There was a lesson to be learned from the recent passing of former president George H.W. Bush, though I found nary a mention of it amid the eulogies for an overrated president.

The lesson is this: If you want to be remembered as a successful commander in chief, then you had better live a long life and enjoy a lengthy retirement.

Bush is being rightly remembered for his statesmanship and service to the nation, but the idea that he was a successful president is baffling. A great man? His combat service alone puts him squarely into that category. A great president? An examination of his administration fails to bear that out.

In the end, though, Bush was the beneficiary of living a quarter century past his failed reelection bid in 1992.

As a rule, history has been kinder to the presidents who have lived 10 or more years after leaving office than the ones who died during or soon after office. The reasons are obvious. A long-lived president has a chance to sit with historians and shape the retrospective narrative or conduct post-presidential endeavors that can buoy one’s image.

A dead president has no such opportunities.

Here are a few historical examples to underscore the importance of sticking around long enough to shape one’s reputation and historical record.

James Polk, the 11th president

He won the Mexican-American War, completed the annexation of Texas and cleared the way for expansion to the Pacific Ocean; but few Americans remember Polk among the more successful presidents. Why? This one-term wonder died of cholera three months after leaving office, making his the shortest retirement of any former president. Polk was forgotten too soon.

Warren Harding, the 29th president

Harding was, for his era, a racial progressive who undid some of the bigoted policies of predecessor Woodrow Wilson; but a corrupt cabinet erased any hope of leaving a positive legacy. Harding surrounded himself with grifters who lined their pockets at taxpayer expense. His 1923 death from a stroke, while in office, only cemented his legacy as one of the worst, if not the worst, president in U.S. history.

Herbert Hoover, the 31st president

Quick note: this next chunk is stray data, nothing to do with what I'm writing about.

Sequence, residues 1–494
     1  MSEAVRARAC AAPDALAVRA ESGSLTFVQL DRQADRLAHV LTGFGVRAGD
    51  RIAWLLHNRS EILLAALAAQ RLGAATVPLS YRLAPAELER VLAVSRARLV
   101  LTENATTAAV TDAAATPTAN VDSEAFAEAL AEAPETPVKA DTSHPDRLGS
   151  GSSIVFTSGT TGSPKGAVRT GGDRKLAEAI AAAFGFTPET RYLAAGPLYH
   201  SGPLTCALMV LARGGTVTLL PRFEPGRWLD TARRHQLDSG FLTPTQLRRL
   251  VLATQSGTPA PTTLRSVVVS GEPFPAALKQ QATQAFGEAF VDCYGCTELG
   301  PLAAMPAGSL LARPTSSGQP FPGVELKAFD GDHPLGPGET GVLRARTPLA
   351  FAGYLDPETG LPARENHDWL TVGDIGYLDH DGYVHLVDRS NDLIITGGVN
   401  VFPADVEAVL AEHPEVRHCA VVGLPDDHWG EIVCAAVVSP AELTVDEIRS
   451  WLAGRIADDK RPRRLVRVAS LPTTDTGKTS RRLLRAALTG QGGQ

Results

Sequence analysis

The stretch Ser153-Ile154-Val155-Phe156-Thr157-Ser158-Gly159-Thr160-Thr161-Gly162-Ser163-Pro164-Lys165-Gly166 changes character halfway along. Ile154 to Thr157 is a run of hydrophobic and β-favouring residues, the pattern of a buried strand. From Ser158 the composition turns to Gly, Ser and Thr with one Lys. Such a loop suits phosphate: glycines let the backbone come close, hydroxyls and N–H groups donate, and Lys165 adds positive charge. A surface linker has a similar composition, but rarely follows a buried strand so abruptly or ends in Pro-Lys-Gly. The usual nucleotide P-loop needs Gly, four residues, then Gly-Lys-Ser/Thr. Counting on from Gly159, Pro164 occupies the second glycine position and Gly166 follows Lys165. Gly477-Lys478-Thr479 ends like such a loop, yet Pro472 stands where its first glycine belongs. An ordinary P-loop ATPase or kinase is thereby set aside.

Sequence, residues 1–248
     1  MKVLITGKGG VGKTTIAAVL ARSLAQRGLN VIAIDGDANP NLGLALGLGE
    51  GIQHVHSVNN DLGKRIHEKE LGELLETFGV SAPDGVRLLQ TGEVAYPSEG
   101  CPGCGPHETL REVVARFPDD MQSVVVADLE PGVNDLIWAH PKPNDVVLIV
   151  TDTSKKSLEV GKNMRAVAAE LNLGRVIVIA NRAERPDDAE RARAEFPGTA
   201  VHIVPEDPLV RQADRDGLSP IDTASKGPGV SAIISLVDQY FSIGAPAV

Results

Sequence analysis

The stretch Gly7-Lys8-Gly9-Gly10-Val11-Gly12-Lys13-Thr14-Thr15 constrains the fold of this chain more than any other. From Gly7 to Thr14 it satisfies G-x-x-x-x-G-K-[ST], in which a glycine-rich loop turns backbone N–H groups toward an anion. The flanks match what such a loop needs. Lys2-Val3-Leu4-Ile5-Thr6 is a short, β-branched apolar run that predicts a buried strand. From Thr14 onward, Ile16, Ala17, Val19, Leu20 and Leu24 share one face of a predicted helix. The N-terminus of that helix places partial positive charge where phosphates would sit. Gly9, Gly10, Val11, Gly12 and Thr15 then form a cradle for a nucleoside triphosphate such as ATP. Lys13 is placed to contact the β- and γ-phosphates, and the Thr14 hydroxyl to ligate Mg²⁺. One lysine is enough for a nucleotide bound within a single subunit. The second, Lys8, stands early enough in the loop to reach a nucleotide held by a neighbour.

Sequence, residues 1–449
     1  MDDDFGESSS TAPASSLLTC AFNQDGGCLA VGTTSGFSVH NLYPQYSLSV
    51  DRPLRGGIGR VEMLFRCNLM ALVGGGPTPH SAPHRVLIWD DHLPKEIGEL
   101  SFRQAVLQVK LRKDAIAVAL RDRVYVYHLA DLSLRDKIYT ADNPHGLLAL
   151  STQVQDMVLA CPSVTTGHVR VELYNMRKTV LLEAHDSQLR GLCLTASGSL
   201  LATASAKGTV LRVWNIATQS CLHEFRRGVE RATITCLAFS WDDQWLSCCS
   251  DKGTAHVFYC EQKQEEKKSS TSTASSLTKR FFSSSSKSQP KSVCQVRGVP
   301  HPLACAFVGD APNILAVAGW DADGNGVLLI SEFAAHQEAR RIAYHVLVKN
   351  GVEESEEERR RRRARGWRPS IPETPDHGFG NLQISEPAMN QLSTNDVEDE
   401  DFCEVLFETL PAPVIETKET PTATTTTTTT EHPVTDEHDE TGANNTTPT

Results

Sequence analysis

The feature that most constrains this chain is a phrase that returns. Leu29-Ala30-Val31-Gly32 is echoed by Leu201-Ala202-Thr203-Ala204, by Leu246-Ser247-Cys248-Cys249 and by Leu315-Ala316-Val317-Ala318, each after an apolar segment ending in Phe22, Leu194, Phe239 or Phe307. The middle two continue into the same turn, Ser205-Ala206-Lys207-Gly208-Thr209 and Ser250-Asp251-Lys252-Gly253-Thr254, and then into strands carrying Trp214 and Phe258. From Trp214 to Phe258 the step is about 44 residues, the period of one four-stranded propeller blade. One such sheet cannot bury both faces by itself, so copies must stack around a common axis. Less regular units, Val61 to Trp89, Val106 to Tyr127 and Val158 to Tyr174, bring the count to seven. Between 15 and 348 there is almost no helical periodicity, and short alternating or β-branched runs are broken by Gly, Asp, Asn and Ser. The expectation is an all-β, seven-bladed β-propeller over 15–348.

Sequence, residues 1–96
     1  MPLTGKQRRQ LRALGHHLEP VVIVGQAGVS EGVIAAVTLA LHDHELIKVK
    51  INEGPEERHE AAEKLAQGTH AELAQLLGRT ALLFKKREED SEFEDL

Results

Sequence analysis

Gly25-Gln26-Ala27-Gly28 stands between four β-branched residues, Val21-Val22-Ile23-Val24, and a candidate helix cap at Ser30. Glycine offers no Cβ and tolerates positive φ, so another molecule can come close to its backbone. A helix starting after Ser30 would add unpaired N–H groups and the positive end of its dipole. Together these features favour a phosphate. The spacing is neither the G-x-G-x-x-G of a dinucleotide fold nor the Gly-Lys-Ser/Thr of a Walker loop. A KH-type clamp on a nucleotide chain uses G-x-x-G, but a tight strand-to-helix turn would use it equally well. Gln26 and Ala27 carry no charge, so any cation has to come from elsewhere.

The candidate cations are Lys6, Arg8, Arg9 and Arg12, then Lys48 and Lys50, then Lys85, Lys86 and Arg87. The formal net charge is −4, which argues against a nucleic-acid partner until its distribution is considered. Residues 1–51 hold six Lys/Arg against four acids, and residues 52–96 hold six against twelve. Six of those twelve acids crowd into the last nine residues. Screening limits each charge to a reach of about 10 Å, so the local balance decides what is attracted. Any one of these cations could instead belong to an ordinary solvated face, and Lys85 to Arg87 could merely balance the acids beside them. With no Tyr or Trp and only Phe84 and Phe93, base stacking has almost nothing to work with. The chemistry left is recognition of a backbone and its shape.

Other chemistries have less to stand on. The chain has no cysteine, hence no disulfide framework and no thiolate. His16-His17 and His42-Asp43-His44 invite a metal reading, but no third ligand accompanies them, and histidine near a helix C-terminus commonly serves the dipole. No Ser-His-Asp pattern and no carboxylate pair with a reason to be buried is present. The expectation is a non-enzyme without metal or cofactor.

The Great Depression happened under his watch and Americans so blamed him for it that shanties were sarcastically termed, “Hoovervilles.” After losing badly to FDR in his 1932 reelection bid, Hoover seemed destined for the presidential dustbin. Fortunately for Hoover, he lived to be 90 and used had a 31-year retirement (both are since-fallen records) to rehab his image through philanthropy and public service.

Jimmy Carter, the 39th president

Carter’s name is virtually synonymous with Habitat for Humanity and the Nobel Peace Prize, which is fortunate because when he left office he was remembered mostly for letting Iran illegally hold the U.S. diplomatic corps more than a year. Carter is 94 years old and passed Hoover for the longest retirement in presidential history, which gave him decades to offset his deserving reputation as a near-failure of a president.

Does age matter in the Oval Office? Donald Trump and Hillary Clinton comprised, in 2016, the oldest tandem of nominees in history but age appeared to be a non-issue among voters.

Age still matters when it comes to presidential history, however. Whether Trump or his successors, who may include the already-venerable Joe Biden, Bernie Sanders and Nancy Pelosi, survive long enough to polish their historical record remains to be seen.

Tom Collins can be reached at (815) 220-6930 or Follow him on Twitter @NT_Court.


Tom Collins is the NewsTribune Senior Reporter. He can be reached at (815) 220-6930 or
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